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The Excitement is Building

Written by John Zoerner, Vice President, Development and Construction Services

Ford City Mall Interior Rendering
Rendering of Ford City Mall located in Chicago

Get it? “Building…” in the headline of an article written by a construction guy. See what I did there? Now you can see why my kids think I’m so funny.

While the headline might be corny, the reality is that we are working at a very exciting, rapid-fire pace lately. Our Construction and Development Services team has been busier than we have been in many years. We have significant redevelopment or remodeling projects at Deerbrook Mall, Ford City Mall and 600 North Michigan Avenue. We are retenanting anchors and junior anchors at Rice Lake Square and Village Square of Northbrook.

On top of all of these extremely time-consuming projects, we are also helping our leasing and management teams with multiple smaller buildouts, façade renovations, roof replacements, water infiltration repairs, pricing new deals, negotiating leases and a variety of other small projects.

Does any of this sound familiar? It looks and feels a lot like pre-recession activity, doesn’t it? In fact, by the end of 2015 annual commercial construction spending exceeded the pre-recession levels. Unemployment in the construction sector has fallen from its recession level of 20% to its current level of approximately 6%.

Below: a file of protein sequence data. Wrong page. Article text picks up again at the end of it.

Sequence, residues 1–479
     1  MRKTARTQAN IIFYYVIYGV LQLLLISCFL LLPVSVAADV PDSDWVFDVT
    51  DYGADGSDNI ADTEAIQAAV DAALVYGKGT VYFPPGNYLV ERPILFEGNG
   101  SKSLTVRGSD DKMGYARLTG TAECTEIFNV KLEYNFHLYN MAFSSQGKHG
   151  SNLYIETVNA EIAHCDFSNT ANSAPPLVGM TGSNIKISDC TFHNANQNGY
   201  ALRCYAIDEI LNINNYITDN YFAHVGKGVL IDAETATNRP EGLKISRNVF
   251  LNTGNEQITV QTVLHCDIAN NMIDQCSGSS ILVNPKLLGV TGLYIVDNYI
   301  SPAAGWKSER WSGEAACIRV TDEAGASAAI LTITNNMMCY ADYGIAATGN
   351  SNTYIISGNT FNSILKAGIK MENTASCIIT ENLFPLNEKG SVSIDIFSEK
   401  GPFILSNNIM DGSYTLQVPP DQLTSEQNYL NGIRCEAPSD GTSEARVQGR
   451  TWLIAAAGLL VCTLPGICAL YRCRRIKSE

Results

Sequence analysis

While the men and women in the field are getting a little help from their brothers and sisters in the trades, the folks pushing the pencils and crushing the keyboards seem to be experiencing something a little different. Unemployment in the architecture and engineering fields is down. However, that doesn’t mean that the consultants have re-hired candidates previously working in architecture and engineering. Many of those candidates chose to leave the profession for greener pastures, and many architectural and engineering firms now find themselves struggling to fill positions with qualified candidates who they can actually afford. So even though employment in the trades has increased overall over the last ten years, employment in the architecture and engineering fields has actually decreased by over 20%. In the Chicago area alone, nearly 17,000 architectural and engineering positions have been eliminated.

What that means for us as construction managers is while getting a project started has always been the hardest part, it’s become even more difficult recently. Much of the excitement that we used to experience when a project crossed the finish line is now experienced when a project finally crosses the starting line instead.

John Zoerner | Vice President, Development and Construction Services
Mid-America Asset Management, Inc.
One Parkview Plaza, 9th Floor | Oakbrook Terrace, IL 60181
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